Halides of Alkali metals:-

The alkali metals combine directly with halogens under appropriate conditions forming halides of general formula MX. These halides can also be prepared by the action of aqueous halogen acids (HX) on metals oxides, hydroxides or carbonate.

M2O + 2HX → 2MX + H2O                

MOH + HX → MX + H2O               

M2CO3 + 2HX → 2MX + CO2 + H2O (M = Li, Na, K, Rb or Cs)

(X = F, Cl, Br or I)

All these halides are colourless, high melting crystalline solids having high negative enthalpies of formation.

Table – II

[Standard enthalpies of formation in (kJ/mol-1)]


The value decreases in the order:

Fluoride > Chloride > bromides > Iodide

Thus fluorides are the most stable while iodides are the least stable.

The trends in melting points, boiling points and solubility of alkali metals halides can be understood in terms of polarization effects, lattice energy and hydration of ions.

(a) Polarization effects

Comparison of ionic and covalent character of alkali metal halides.

 2284_Polarization effects.JPG
Alt text: polarizing effects of alkali metals

When a cation approaches an anion, the electron cloud of the anion is attracted towards the cation and hence gets distorted. This effect is called polarization. The power of the cation to polarize the anion is called its polarizing power and the tendency of the anion to get polarized is called its polarizability. The greater the polarization produced more is the concentration of the electrons between the two atoms thereby decreasing the ionic character or increasing the covalent character. The covalent character of any compound in general depends upon the following factors.

(i) Size of the cations

Smaller the cation greater is its polarizing power and hence larger is the covalent character. The covalent character decreases as size of cation increases.

LiCl > NaCl > KCl > RbCl > CsCl

Thus LiCl is more covalent than KCl.

(ii) Size of the anion

Larger the anion, greater is its polarizability. This explains the covalent character of lithium halides is in order

LiI > LiBr > LiCl > LiF

(iii) Charge of the ion

Greater the charge on the cation greater is its polarizing power and hence larger is the covalent character. The covalent character of some halides increase in the order

Na+CI- < Mg+2CI2 < AI+3 CI3               

Similarly greater the charge on the anion, more easily it gets polarized thereby imparting more covalent character to the compound formed eg covalent character increase in the order

NaCI < Na2SO4 < Na3PO4               

Thus the covalent character decreases as the charge of the anion decrease.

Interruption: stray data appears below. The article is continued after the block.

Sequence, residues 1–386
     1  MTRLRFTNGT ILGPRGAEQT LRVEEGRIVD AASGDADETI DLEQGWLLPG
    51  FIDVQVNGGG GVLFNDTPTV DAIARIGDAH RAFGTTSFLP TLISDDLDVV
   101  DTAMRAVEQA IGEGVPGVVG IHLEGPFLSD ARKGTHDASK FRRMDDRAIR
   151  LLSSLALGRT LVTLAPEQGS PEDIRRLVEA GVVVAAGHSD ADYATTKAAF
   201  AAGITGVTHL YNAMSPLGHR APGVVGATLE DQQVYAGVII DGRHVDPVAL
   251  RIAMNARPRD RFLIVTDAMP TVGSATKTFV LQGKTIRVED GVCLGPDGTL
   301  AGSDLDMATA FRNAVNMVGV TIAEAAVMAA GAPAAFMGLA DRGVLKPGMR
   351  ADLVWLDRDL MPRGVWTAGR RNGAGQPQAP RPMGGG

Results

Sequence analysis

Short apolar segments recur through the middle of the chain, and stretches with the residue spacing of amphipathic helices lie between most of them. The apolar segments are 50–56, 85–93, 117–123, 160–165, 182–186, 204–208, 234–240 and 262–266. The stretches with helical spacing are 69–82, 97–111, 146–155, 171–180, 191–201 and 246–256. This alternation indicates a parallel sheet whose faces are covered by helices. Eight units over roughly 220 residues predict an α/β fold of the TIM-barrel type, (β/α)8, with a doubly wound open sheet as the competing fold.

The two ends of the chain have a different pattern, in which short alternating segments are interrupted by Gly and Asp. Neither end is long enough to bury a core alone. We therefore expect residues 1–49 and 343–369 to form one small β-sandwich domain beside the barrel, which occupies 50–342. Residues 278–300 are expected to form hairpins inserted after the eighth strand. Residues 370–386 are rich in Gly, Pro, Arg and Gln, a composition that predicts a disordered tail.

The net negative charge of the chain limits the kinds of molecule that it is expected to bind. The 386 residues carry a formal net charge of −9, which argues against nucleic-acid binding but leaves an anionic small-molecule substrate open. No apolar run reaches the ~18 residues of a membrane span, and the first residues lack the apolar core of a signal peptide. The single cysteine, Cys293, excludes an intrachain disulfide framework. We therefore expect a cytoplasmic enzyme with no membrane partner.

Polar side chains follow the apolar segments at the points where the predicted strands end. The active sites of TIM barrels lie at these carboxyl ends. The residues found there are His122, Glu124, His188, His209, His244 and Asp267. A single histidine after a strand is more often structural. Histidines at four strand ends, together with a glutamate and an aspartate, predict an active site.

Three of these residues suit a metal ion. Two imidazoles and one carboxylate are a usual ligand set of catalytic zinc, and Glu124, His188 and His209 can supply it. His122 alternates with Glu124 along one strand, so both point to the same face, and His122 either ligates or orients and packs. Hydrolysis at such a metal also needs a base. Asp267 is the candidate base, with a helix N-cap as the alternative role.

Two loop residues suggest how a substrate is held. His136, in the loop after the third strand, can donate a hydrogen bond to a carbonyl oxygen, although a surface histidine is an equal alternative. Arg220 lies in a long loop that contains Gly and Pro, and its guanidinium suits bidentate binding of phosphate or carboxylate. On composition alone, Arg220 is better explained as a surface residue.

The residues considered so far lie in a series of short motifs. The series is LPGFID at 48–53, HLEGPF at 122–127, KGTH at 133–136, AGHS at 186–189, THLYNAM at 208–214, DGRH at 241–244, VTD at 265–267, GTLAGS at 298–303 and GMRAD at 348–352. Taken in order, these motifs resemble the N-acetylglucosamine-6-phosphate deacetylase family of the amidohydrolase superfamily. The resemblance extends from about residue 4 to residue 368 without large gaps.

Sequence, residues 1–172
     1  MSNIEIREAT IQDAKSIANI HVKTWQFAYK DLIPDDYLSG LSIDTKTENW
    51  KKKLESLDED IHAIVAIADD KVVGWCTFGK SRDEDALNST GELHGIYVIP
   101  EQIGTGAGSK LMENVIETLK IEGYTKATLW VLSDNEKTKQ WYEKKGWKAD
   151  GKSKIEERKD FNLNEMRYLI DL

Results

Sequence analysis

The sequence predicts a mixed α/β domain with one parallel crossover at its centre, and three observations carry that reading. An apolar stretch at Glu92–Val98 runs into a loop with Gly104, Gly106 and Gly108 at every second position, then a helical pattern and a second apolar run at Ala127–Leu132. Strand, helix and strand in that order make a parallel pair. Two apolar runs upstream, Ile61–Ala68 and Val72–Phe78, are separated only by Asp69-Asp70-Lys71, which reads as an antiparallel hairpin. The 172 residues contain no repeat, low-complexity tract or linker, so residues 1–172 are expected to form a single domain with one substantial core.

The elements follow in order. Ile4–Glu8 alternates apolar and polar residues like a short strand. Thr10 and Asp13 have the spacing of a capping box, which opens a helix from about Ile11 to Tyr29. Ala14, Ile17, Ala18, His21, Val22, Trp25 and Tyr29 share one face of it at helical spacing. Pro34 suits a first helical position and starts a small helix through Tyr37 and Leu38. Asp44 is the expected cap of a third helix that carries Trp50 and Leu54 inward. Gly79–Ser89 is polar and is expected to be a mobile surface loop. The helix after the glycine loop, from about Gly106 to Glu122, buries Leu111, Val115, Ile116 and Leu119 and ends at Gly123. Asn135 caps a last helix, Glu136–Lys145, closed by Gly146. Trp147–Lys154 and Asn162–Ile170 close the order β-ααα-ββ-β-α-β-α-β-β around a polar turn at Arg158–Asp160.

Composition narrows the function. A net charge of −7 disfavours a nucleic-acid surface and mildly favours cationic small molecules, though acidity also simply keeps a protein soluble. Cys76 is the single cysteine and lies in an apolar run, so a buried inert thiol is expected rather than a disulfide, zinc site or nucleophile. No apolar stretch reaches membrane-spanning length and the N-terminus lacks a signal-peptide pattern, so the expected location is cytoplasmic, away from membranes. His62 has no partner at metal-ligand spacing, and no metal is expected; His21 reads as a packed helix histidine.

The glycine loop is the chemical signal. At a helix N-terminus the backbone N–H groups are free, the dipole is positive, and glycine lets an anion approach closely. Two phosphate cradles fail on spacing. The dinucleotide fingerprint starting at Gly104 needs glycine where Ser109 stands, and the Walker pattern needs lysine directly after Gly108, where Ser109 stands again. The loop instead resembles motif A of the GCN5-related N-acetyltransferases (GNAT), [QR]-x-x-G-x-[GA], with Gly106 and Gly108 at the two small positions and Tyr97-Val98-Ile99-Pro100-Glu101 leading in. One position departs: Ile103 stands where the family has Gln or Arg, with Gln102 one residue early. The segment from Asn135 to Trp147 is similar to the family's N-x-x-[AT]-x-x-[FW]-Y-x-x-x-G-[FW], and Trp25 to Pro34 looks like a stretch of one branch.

(iv)   Electronic configuration of the cation

 If two cations have the same charge and size, the one with pseudo noble gas configuration i.e. having 18 electrons in the outermost shell has greater polarizing power than a cation with noble gas configuration i.e having 8 electrons. For example CuCl is more covalent than NaCl.

(b)    Lattice Energies

Lattice energy is defined as the amount of energy required to separate one mole of solid ionic compound into its gaseous ions. Evidently greater the lattice energy, higher is the melting point of the alkali metals halide and lower is its solubility in water

Table – III

Lattice energy

Hydration* energy

Melting point
(c)    Hydration Energy

It is the amount of energy released when one mole of gaseous ions combine with water to form hydrated ions.

M+ (g) + aq → M+ (aq) + hydration energy

X- (g) + aq → X- (aq) + hydration energy              

Higher the hydration energy of the ions greater is the solubility of the compound in water.

Further the extent of hydration depends upon the size of the ions. Smaller the size of the ion, more highly it is hydrated and hence greater is its hydrated ionic radius and less is its ionic mobility (Conductance).

From above arguments, the melting point and solubility in water or organic solvent of alkali metal halides can be explained

(i)  A delicate balance between lattice enthalpy and hydration enthalpy determines the ultimate solubility of a compound in water. For eg. Low solubility of LiF (0.27 g/100 g H2O ) is due to its high lattice energy ( - 1005KJmol-1) whereas the low solubility of CsI (44g/100g H2O ) is due to smaller hydration energy of the two ions (-670 KJ/mol)

(ii)  The solubility of the most of alkali metal halides except those of fluorides decreases on descending the group since the decrease in hydration energy is more than the corresponding decrease in the lattice energy.

(iii)  Due to small size and high electronegativity, lithium halides except LiF are predominatantly covalent and hence are soluble in covalent solvents such as alcohol, acetone, ethyl acetate, LiCl is also soluble in pyridine. In contrast NaCl being ionic is insoluble in organic solvents.

(iv) Due to high hydration energy of Li+ ion, Lithium halides are soluble in water except LiF which is sparingly soluble due to its high lattice energy.

(v)    For the same alkali metal the melting point decreases in the order

 fluoride > chloride > bromide > iodide

because for the same alkali metal ion, the lattice energies decreases as the size of the halide ion increases.

(vi) for the same halide ion, the melting point of lithium halides are lower than those of the corresponding sodium halides and thereafter they decrease as we move down the group from Na to Cs.

The low melting point of LiCl (887 K) as compared to NaCl is probably because LiCl is covalent in nature and NaCl is ionic.


Why are alkali metal halides soluble in water?


Alkali metal halides are soluble in water due to their high ionic character and low lattice energy.


Why is LiF less soluble in water?


Why is CsI less soluble in water?


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